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Configure Your Local Environment

In this guide, we will go through the steps to set up a local development environment for building on-chain integrations with Sablier. We will use Foundry to install Sablier as a dependency, and run a few simple tests.

At the end, you’ll have a development environment set up that you can use to build the rest of the examples under "Guides", or start your own integration project.


You will need the following software on your machine:

In addition, familiarity with Ethereum and Solidity is requisite.

Quick start

We put together a template repository that you can use to get started quickly. This repository features a basic project structure, pre-configured Sablier imports, and a selection of sample contracts and tests.


Make sure you are using the latest version of Foundry by running foundryup.

To install the template, simply execute the following commands:

$ mkdir sablier-v2-integration-template
$ cd sablier-v2-integration-template
$ forge init --template sablier-labs/sablier-v2-integration-template
$ bun install

Then, hop to the Run a Fork Test section to complete your set up and start developing.

Start from scratch

Foundry is a popular development toolkit for Ethereum projects, which we have used to build the Sablier Protocol. For the purposes of this guide, Foundry will provide us with the tooling needed to compile and test our contracts.

Let's use this command to spin up a new Foundry project:

$ forge init my-project
$ cd my-project

You might notice that the CLI is forge rather than foundry. This is because Foundry is a toolkit, and forge is just one of the tools that comes with it.

Once the initialization completes, take a look around at what got set up:

├── foundry.toml
├── script
├── src
└── test

The folder structure should be intuitive:

  • src is where you'll write Solidity contracts
  • test is where you'll write tests (also in Solidity)
  • script is where you'll write scripts to perform actions like deploying contracts (you guessed it, in Solidity)
  • foundry.toml is where you can configure your Foundry settings, which we will leave as is in this guide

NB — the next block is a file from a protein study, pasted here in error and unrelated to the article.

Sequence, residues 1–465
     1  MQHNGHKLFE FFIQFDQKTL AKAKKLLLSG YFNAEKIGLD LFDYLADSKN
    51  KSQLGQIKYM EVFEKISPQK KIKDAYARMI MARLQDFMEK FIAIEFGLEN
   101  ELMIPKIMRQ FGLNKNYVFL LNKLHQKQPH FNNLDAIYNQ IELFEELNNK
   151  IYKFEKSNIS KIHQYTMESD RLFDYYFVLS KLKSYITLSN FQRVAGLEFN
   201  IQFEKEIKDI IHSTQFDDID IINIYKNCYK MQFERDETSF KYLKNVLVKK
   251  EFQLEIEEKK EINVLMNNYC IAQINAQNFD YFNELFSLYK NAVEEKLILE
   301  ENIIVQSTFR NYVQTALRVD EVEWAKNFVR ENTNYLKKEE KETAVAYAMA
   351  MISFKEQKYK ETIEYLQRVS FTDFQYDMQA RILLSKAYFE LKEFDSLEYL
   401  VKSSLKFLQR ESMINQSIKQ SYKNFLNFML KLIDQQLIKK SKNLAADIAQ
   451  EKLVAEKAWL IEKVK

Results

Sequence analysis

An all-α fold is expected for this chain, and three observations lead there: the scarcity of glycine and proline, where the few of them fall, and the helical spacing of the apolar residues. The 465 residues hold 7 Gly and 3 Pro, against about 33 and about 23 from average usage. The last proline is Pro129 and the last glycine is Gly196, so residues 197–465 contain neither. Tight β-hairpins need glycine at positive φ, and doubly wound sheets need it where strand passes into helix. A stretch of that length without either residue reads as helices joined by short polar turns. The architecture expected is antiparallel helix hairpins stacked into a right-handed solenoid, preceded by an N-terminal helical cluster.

Let's install the Sablier Node.js packages using Bun:

$ bun add @sablier/v2-core @sablier/v2-periphery

Bun will download the Sablier contracts, along with their dependencies, and put them in the node_modules directory.

Let's remap the package names to point to the installed contracts. This step is required so that the Solidity compiler can find the Sablier contracts when you import them:

$ echo "@sablier/v2-core=node_modules/@sablier/v2-core/" >> remappings.txt
$ echo "@sablier/v2-periphery=node_modules/@sablier/v2-periphery/" >> remappings.txt
$ echo "@openzeppelin/contracts/=node_modules/@openzeppelin/contracts/" >> remappings.txt
$ echo "@prb/math/=node_modules/@prb/math/" >> remappings.txt

That's it! You should now have a functional development environment to start building on-chain Sablier integrations. Let's run a quick test to confirm everything is set up properly.

Sample contract

Delete the src/Counter.sol and test/Counter.t.sol files generated by Forge, and create two new files: src/StreamCreator.sol and test/StreamCreator.t.sol.

Paste the following code into src/StreamCreator.sol (a detailed explanation of this contract can be found here):

Lockup Linear Stream Creator

Let's use Forge to compile this contract:

$ forge build

If the contract was compiled correctly, you should see this message:

[⠢] Compiling...
[⠰] Compiling { number } files with { compiler }
[⠒] Solc { compiler } finished in { time }
Compiler run successful

The minimum Solidity version supported by the Sablier contracts is v0.8.13.

Run a fork test

Foundry offers native support for running tests against a fork of Ethereum Mainnet, which is useful when building and testing integrations with on-chain protocols like Sablier. In practice, this enables you to access all Sablier contracts deployed on Ethereum, and use them for testing your integration.

As a prerequisite, you will need an RPC that supports forking. A good solution for this is Alchemy, as it includes forking in its free tier plan.

Once you have obtained your RPC, you can proceed to run the following test:

Stream Creator Test

You can run the test using Forge:

$ forge test

If the test passed, you should see a message like this:

Ran 2 tests for v2/core/LockupStreamCreator.t.sol:LockupStreamCreatorTest
[PASS] test_LockupDynamicStreamCreator() (gas: 273719)
[PASS] test_LockupLinearStreamCreator() (gas: 186388)
Suite result: ok. 2 passed; 0 failed; 0 skipped; finished in 6.34s (5.80s CPU time)

Next steps

Congratulations! Your environment is now configured, and you are prepared to start building. Explore the guides section to discover various Sablier features available for integration. Remember to include all contracts (.sol files) in the src folder and their corresponding tests in the test folder.

As far as Foundry is concerned, there is much more to uncover. If you want to learn more about it, check out the Foundry Book, which contains numerous examples and tutorials. A deep understanding of Foundry will enable you to create more sophisticated integrations with Sablier.